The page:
Robin Hanson wrote:
> On 7/11/2001 Amara Graps wrote:
> > >Amara Graps wrote:
> > >>Consciously or unconsciously you *know* the things that you like ...
> > >>event that might be considered a coincidence to someone else,
> > >>takes on a special meaning to you: ...
> > >to me the key question is: is it *true*?
> >For me, that is not as important as the answer to the question:
> >"Is it *good* for *me*?" For a number of things in my life I don't
> >yet understand the working details, however, I use those things, ...
> >If you view synchronicity as a meaningful coincidence between an
> >external event and an internal readiness for being aware of that
> >event, then synchronicity acts as a bridge to our unconscious mind
> >or, at least, to the very edge of our conscious mind. ... I think
> >that, in order for synchronicity to work, it requires a deep
> >trust that the messages from your unconscious mind are strong,
> >authentic and move us in the direction of greater wisdom and
> >compassion and wholeness.
> >... Wouldn't it be really cool too, if your particular path
> >path was also beneficial for the world? An alignment of personal
> >universal purposes, in my opinion is the next level of integration
> >for someone. That is what being filled with the divine is about...
> It seems of course more reasonable to phrase factual claims in terms of
> learning things from your unconscious, rather than from nature. But it
> worries me when you talk about truth being less important, about requiring
> deep trust, and concluding that your personal path is beneficial to the
> world. I fear that your unconscious may be telling you comforting lies.
It depends very much on what you mean by "truth". There are
truths that are really amenable to reason, logic and the
scientific method. Truths about the material universe. There
are other truths about people and consciousness and lifes and
visions of what can be that are not so easy to touch with those
tools but they are crucially important also. The first truth is
not less important necessarily but it is certainly not more
important than the second type of truth. There are other levels
of truth I believe but we will start with this.
What was said about trusting the messages from the deep self, or
at any rate from beyond the range of the self-aware, conscious
intellectual mind is both very true and very difficult to learn
and to apply gracefully and in balance with the intellect.
Sychronizing the personal with the global is very much part of
being fully plugged in to one's life and time. Without that
synchronization we are all just islands of me-ness flooding on
the river of history waiting for the Singularity or death.
We can be, if you will, tools of what is to come, acting in its
materialization, shaping it and being shaped by it even until we
experience our lives as It manifesting us. This requires the
level of integration talked about above.
> You see, it seems that humans are not built to be truth-seekers, and so are
> often happier, etc. when they allow other considerations to influence their
> beliefs. People like to think they are more able than they are, for example.
> Humans are built to be truth-seekers more in some areas than in others,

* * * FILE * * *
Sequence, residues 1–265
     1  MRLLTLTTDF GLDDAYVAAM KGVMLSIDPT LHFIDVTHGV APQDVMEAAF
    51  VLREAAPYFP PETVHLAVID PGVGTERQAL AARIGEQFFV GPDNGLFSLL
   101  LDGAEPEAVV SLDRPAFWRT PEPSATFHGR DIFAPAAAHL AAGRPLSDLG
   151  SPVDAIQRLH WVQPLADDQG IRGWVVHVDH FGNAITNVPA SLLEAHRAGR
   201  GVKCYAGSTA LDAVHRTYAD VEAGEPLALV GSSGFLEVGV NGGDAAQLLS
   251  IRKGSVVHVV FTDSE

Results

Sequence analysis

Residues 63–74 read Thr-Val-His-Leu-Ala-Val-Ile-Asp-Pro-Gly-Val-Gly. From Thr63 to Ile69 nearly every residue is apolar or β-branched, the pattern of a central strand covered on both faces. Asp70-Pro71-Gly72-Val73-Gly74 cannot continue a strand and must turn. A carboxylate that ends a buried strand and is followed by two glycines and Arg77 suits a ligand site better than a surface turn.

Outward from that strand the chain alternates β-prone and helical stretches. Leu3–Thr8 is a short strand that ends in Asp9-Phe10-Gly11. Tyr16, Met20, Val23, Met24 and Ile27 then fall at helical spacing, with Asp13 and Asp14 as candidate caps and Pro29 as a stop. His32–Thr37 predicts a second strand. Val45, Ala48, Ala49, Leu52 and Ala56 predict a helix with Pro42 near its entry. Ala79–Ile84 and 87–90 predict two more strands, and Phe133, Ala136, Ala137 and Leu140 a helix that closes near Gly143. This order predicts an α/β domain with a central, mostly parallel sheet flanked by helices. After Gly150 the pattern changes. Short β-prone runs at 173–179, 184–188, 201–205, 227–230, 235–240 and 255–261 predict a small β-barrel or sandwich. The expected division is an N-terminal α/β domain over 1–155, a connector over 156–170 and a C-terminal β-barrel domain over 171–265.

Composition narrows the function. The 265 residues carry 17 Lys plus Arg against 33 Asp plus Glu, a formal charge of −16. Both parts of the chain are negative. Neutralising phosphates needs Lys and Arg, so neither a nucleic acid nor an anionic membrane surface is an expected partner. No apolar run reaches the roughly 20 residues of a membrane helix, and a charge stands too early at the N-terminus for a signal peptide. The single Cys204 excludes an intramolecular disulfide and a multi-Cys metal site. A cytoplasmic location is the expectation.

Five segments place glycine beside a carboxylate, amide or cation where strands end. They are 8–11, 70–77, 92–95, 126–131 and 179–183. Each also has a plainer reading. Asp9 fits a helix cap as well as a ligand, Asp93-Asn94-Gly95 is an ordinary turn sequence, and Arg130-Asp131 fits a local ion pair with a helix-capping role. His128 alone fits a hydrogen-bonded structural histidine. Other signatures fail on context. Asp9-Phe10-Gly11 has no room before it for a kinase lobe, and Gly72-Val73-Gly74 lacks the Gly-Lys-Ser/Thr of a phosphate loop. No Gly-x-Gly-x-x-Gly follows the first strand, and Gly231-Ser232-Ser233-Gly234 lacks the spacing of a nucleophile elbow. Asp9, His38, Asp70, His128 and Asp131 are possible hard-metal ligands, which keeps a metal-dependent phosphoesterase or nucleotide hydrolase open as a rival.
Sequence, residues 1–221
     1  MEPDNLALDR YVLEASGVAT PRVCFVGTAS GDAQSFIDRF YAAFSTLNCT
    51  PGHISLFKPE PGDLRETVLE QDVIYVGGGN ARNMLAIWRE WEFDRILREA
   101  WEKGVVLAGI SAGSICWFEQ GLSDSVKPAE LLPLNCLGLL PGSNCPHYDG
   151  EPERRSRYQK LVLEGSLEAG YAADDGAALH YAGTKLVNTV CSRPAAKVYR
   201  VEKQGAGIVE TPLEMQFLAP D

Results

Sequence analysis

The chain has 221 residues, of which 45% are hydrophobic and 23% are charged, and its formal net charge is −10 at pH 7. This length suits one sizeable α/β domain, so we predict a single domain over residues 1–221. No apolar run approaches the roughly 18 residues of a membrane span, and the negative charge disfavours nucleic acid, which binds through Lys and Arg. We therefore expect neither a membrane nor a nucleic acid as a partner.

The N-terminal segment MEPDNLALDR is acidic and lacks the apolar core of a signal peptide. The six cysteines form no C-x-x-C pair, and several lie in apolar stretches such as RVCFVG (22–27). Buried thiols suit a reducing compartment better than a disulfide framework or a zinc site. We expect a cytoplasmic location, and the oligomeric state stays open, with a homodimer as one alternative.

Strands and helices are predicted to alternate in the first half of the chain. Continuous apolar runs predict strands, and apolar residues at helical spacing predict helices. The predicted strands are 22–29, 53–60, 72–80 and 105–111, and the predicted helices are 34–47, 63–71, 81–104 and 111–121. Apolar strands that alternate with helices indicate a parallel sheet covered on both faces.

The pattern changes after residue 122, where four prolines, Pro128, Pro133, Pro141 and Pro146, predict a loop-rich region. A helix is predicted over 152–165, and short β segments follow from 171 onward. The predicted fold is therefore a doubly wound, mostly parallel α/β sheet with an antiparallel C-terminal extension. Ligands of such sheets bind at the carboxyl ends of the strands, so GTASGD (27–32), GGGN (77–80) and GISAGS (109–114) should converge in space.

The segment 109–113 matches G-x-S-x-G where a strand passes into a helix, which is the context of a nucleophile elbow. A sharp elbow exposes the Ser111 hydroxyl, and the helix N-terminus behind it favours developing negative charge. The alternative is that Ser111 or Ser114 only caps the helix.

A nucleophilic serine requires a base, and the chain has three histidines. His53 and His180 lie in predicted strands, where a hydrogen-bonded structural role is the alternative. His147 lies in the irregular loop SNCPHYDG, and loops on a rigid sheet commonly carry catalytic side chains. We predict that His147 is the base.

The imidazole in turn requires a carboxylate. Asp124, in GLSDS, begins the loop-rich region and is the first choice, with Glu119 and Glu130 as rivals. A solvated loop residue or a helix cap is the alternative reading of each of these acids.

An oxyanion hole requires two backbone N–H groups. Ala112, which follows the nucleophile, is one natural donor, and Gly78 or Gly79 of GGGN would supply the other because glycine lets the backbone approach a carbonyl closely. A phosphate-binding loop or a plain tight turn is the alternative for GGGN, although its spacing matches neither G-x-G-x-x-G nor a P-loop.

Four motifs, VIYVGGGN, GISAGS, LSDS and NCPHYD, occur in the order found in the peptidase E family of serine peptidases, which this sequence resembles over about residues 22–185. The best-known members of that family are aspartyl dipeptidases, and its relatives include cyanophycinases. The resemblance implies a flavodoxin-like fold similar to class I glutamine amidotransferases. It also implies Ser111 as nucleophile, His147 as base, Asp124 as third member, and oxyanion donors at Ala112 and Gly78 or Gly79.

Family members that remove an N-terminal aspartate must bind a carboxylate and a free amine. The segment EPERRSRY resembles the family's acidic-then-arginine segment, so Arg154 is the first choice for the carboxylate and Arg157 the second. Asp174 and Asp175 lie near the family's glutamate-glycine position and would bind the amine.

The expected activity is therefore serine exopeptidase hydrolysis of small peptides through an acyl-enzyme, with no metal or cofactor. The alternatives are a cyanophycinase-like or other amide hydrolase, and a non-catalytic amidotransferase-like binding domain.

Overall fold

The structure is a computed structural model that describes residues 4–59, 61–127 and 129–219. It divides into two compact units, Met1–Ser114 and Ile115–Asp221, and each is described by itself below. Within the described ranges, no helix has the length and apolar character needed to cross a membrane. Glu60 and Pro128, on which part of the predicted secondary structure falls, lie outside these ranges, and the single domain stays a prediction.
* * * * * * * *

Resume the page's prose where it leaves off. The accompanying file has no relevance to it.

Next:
> but in all areas must rely enormously on unconscious mental processing.
> In the areas where people seek truth more, they are conscious of critical
> processes that check claims for various sorts of reasonableness. In the
> other areas, we tend to distract or disable these critical processes in
> order to allow non-truth considerations to better influence beliefs.
> This is the essence of self-deception.
> Believing that what is good for me is good for the world is exactly one
> of those areas where we should expect people to be self-deceived.
Don't all of us here do precisely that? We all believe that
augmenting ourselves and running technology all out to reach the
Singularity is good for us and for the world. We believe it
regardless of what most of the world has to say. We believe it
even though it is a meta-claim not at all verifiable by our
blessed rationality. Actually, some of us seem to believe an
even stranger thing. Some believe that the world and its people
can go jump and are relatively unimportant as long as a
hyper-intelligence is born out of this world. If it turns and
eats us or otherwise destroys us then that is nothing to them.
Now that is a level of belief and of space for self-deception
far beyond what might be involved in noting and being impressed
> the part of you that seems to claim this also seems to tell you that you
> must trust it without doubt or criticism, and that truth isn't really
> so important a goal, this seems a good candidate for self-deception.
> I grant that you will probably be happier if you let yourself be
> self-deceived in such a way. But perhaps you would rather be less happy
> and believe truer things.
I believe you are reading a lot into what was said that was
never said. For me, that which draws me, that dream of a future
and how to get there with the most joy at every point along the
way, is certainly not about only "trust it without doubt or
criticism". Without all my years of doubt and continuing doubt
and without criticisms I could neither appreciate the
possibilities or emphasize with others with just as many doubts
or begin to find a way to proceed even with all the doubts and
criticism. Doubts are part of the process. There is no make
believe here. It is deeply real and messy and wonderful.
But it is no cakewalk, no rose-colored glasses. It is nothing
at all like you seem to believe it is.
This archive was generated by hypermail 2b30 : Fri Oct 12 2001 - 14:39:48 MDT